New Georgia Law Changes the Rules for Settlement Demands in Auto Accident Cases
Georgia has a longstanding policy of encouraging early settlement of automobile accident cases. Both drivers and insurance companies generally benefit from pre-trial settlements. Injured people can get compensation more quickly and avoid the unpredictability of a judge or jury deciding the case. Insurance companies save on costs and counsel fees otherwise spent on investigations and trials.
For all of this to work well, plaintiffs and insurers must negotiate in good faith. To promote that process, Georgia enacted a statute laying out rules for pre-suit settlement demands and for insurance company’s responses to them. The law’s purpose was to reduce litigation of claims and to avoid contests over insurers’ alleged bad faith in settlement. However, the law had some gray areas that allowed claim negotiations to falter. For example, plaintiffs could make conditional demands that, if not fully addressed by insurers, could be deemed bad faith rejections.
In response, the state revised the statute to clarify and streamline early settlement procedures. The new law, which took affect July 1, 2021, establishes the following requirements for settlement proposals:
- Material terms limited — An offer must include only these five material terms: (1) the amount sought, (2) the identities of the defendants, (3) the claims to be released, (4) the type of releases to be given and (5) the time period for accepting the offer, which must be at least 30 days. Any additional terms may be considered immaterial by the insurer.
- Proposed releases not treated as rejections — Under the prior version of the law, some courts held that an insurer’s response proposing a form of release that varied from the demand amounted to a rejection. The new law states that unless the demand includes a draft of a release, the insurer’s providing of a proposed release shall not be deemed a counteroffer.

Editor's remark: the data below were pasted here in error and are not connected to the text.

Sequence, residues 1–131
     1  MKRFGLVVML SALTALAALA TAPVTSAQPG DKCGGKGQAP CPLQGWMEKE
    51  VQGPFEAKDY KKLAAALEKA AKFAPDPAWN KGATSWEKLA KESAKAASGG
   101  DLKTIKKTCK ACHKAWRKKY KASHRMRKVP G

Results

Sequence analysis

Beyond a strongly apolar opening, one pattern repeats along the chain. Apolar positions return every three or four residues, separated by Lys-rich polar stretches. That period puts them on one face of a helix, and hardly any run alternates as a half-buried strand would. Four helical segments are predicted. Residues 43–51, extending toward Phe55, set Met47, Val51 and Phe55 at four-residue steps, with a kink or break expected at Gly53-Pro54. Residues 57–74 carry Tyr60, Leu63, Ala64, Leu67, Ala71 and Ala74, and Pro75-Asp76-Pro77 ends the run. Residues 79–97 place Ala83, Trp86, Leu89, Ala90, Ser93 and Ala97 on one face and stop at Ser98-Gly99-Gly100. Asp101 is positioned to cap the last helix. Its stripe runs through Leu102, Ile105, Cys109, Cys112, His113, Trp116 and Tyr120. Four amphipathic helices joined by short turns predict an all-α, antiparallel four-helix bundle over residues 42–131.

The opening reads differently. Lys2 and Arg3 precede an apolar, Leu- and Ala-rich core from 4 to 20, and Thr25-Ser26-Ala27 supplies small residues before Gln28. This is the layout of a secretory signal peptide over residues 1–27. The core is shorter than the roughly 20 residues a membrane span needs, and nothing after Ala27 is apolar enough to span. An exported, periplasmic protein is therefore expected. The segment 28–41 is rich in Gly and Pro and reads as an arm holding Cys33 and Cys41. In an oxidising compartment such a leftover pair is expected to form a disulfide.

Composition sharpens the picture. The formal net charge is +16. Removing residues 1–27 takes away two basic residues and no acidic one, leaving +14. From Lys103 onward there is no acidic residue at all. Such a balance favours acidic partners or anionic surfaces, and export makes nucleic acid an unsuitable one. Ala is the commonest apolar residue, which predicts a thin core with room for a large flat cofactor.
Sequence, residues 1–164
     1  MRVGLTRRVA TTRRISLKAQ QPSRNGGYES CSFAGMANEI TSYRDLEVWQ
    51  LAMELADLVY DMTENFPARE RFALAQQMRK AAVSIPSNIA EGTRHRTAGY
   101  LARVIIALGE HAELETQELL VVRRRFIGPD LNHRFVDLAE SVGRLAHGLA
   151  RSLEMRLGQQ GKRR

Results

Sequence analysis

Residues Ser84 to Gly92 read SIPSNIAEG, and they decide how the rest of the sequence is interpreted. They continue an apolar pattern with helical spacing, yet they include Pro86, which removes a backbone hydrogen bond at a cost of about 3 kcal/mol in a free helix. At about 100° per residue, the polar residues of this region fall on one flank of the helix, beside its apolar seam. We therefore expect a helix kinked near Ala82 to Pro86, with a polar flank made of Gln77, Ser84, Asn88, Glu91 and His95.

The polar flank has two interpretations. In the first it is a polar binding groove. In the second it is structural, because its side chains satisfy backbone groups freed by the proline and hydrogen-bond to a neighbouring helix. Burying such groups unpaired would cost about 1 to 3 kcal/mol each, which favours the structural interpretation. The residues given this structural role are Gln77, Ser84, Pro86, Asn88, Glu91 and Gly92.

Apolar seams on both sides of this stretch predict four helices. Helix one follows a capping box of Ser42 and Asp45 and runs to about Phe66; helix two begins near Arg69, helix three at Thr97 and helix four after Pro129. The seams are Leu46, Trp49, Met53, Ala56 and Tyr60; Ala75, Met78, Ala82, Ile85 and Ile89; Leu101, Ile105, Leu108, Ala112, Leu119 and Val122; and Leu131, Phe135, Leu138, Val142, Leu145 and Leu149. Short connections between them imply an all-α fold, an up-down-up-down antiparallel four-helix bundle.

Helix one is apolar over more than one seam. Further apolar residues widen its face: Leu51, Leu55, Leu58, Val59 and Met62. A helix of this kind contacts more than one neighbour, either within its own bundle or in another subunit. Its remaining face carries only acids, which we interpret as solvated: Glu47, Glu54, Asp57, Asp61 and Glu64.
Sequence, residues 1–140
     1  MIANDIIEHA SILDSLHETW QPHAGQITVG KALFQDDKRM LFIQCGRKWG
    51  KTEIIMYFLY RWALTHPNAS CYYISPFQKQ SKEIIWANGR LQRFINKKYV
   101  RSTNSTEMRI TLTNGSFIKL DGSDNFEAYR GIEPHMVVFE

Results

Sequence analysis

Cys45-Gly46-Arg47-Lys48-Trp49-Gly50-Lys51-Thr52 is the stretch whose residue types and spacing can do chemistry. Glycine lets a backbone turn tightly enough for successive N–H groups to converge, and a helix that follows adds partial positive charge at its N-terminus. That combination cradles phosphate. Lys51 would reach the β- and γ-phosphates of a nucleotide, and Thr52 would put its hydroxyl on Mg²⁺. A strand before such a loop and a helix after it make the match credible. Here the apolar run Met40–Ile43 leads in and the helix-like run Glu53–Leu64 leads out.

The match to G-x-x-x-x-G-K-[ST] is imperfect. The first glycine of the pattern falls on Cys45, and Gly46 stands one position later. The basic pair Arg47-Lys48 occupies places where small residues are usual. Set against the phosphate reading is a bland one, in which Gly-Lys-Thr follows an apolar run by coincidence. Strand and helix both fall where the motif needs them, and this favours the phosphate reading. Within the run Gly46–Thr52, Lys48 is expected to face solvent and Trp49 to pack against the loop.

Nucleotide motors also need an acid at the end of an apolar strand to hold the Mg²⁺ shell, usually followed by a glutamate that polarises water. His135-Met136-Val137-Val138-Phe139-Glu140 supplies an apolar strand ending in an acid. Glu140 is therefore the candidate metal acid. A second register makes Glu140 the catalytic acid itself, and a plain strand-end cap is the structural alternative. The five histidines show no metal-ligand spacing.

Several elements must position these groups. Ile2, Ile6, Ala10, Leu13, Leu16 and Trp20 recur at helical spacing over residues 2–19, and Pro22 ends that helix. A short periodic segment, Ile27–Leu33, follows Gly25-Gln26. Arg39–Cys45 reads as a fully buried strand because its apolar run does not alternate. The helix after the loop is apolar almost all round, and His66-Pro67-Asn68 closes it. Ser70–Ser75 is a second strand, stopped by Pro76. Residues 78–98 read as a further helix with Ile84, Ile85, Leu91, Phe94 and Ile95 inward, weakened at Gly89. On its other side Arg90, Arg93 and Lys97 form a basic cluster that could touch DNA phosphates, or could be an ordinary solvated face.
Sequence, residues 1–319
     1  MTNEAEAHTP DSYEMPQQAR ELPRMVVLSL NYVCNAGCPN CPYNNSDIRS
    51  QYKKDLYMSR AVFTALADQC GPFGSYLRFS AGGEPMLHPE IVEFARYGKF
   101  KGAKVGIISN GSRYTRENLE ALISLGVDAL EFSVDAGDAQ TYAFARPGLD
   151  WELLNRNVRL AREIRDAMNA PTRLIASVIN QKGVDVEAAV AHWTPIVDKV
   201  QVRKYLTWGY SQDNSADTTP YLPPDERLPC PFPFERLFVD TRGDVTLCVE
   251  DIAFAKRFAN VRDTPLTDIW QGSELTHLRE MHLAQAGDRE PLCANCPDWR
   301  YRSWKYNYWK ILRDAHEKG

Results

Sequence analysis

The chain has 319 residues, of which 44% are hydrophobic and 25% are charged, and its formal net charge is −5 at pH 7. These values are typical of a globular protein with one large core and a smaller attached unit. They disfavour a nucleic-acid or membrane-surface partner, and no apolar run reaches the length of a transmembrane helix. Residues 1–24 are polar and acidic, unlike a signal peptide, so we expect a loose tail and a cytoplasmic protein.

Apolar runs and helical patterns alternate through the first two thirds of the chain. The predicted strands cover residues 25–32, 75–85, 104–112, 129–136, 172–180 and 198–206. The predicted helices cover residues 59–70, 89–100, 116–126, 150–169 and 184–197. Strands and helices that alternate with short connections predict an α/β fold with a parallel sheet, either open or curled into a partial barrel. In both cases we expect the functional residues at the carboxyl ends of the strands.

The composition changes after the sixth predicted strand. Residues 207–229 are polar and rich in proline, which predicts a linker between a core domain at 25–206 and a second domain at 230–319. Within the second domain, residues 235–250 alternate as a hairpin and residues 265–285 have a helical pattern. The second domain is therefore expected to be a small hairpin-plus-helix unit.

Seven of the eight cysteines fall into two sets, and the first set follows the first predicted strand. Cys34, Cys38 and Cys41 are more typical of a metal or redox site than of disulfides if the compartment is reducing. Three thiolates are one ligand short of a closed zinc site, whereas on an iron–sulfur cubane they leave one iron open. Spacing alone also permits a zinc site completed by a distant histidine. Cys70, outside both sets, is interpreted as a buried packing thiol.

- Procedure applies after suit filed — The old version of the statute only applied to demands made when a case was not yet filed in court. The new law allows this statutory procedure to be used after a court case is started but before the defendant’s filing of an answer.
Other new provisions require plaintiffs’ settlement demands to include all information relevant to the claim — i.e. medical bills and property damage estimates — so that the other parties and insurers can consider the data in response.
Though these changes are mostly for the benefit of insurers, the revised statute provides clearer ground rules for the settlement process, which can result in faster and more satisfactory settlements in auto accident cases. Nevertheless, not every case will settle easily, and litigation may necessary.
At the Law Office Law Office of S. Mark Mitchell, LLC in Newman, Georgia, I am experienced and skilled in handling all aspects of auto accident cases. If you have a claim for bodily injury and/or property damage from an auto accident, feel free to contact me online or give me a call at 470-344-8550 for an initial consultation.